Having ignored Book Week Scotland for the last few years due to the clash with #germanlitmonth, I decided to challenge myself to find a book that satisfied the demands of both events. Et voilà!
Translated from German by Brian Battershaw
At the age of forty, twenty years before turning his pen to fiction, Theodor Fontane travelled to Scotland with his friend, Bernard von Lepel, like many others enticed by the romantic historical novels and ballads of Sir Walter Scott and entranced by the figure of Mary, Queen of Scots. Their journey was a pilgrimage of sorts, and, I must admit, well-planned. I’m not entirely sure how long it lasted – matter of months I suspect – but they accomplished more that I have managed in 28 years of living here!
The map on the right shows the route, and those in the know, will realise that it takes in sites that are still major tourist attractions today. Most of which I have visited too, and I found it interesting that the places Fontane describes are often as they appear today. (The places around them will have changed beyond all recognition and so I challenged myself to spot the details that Fontane didn’t mention: so no Nessie in Loch Ness (the story only began to spread in 1933), no McCaig’s tower in Oban (erected 1897) and curiously no mention of the bird colonies on the Isle of Staffa (and they must have been there when Fontane visited.) Neither did he visit a distillery, or if he did he didn’t tell us about it – perhaps the many temperamce preachers he met imfluenced him after all!
But enough of things, Fontane and Lepel didn’t see. Here are some of the things that they did.
Fontane’s travelogue is detailed amd multi-faceted with fastidious descriptions of places and people, historical anecdotes (lesser known as well as milestone events), translations of Scottish poems, retellings of Scottish legends, interspersed with personal experiences. These latter show the realities of travel in the mid-19th century. Remind me never to take the end seat on the outside of a stage-coach.
passengers at the ends of each row … sat with only one cheek on the bench, so that the outer half of each individual dangled and swung to and fro together with hat-boxes and portmanteaus. I need hardly say that such a minimum of travelling comfort would have been unbearable over a stretch of 75 miles, but for the fact that at every stage the flanking passengers on the outside changed places so that their right and left halves, alternately rested at the last stage, constituted fresh reserves to put into line.
The sketches of his travelling companion Lepel complement the text. 3 of these are reproduced on the book jacket. (From top to bottom: Loch Leven Castle, Isle of Staffa, Edinburgh) The book was intended to be a travel guide, and, for the most part, it could still serve that same purpose today (modes of transport excepted, of course.) I enjoyed Fontane’s keen observations and I learnt much about Scotland too. A couple of examples shall suffice.
1) Of Edinburgh and Stirling castle (Page 100)
Edinburgh Castle is like a recumbent lion while Stirling Castle resembles a sitting one.
2) Of the British Army (Page 102 doubtless a sly swipe at the Prussian Army and possibly not true today.)
We make a great mistake if we think of the British Army as a machine that removes the last vestiges of freedom and independence from the individual.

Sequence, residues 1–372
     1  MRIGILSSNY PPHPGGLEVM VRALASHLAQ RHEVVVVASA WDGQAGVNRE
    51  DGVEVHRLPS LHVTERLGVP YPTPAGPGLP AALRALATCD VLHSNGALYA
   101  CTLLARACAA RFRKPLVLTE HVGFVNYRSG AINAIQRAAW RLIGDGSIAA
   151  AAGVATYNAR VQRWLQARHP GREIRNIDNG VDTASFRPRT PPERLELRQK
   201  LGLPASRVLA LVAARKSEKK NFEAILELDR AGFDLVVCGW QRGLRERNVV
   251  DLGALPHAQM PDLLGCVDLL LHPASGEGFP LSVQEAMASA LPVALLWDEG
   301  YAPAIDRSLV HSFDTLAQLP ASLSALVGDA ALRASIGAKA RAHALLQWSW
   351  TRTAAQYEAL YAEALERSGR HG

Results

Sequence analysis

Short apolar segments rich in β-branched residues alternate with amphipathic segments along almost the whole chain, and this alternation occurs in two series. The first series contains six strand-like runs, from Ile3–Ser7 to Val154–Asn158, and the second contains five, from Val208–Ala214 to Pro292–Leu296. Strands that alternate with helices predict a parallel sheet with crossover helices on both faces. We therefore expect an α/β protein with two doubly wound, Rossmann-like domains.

I will say, however, that there are very few references to the weather – from this I shall assume that the late summer of 1858 must have been a good one!
9 of the 27 chapters are devoted to Edinburgh. Glasgow is lucky to get 9 lines! How so? One look at the 300 foot-high factory chimneys of which a number were to be seen rising into heaven like pillars of petrified steam sufficed to make Fontane and Lepel rush for the next train back to Edinburgh.
Fontane’s most scathing comments, however, are reserved for Abbotsford, Walter Scott’s self-designed ‘Romance in Stone and Mortar’.
There is a rhyming party game in which the participants write a line, then turn the paper down save for the last word, so that there can be no possible connection between what the next man writes and what has been written before him.
Abbotsford is like that. It has been built for the sake of some forty or fifty catchwords.
No-one is more mortified than Fontane himself that he cannot adopt that tone of love and reverence to which one’s lips have almost become accustomed when they utter Sir Walter’s name. Lest we forget, visiting the places that Sir Walter Scott had written about was the primary reason for Fontane’s journey. Scott’s ballads were also the inspiration for Fontane’s early writing, who gave a number of his own ballads Scottish settings. So to find his hero guilty of such poor taste was devastating. (Incidentally I disagree with Fontane here – I find Abbotsford quite charming and Scott’s novels unreadable.) Regardless, the disappointing visit to Abbotsford, which lies on the Tweed, is the final stage on this journey and signals a change of direction for Fontane. When he finally publishes his debut, the historical novel Before the Storm in 1878, there is no trace of Scott’s romantic style and chivalric flourishes. He has become the realist writer on which his fame is based.
His love affair with Scotland had not ended, however. Some 30 year later he wrote that this journey was one of the most beautiful in my life, at all events the most poetic, more poetic than Switzerland, France, Italy and everything that I saw later on.
As a Sassenach in Scotland, I’d better not argue with that!!
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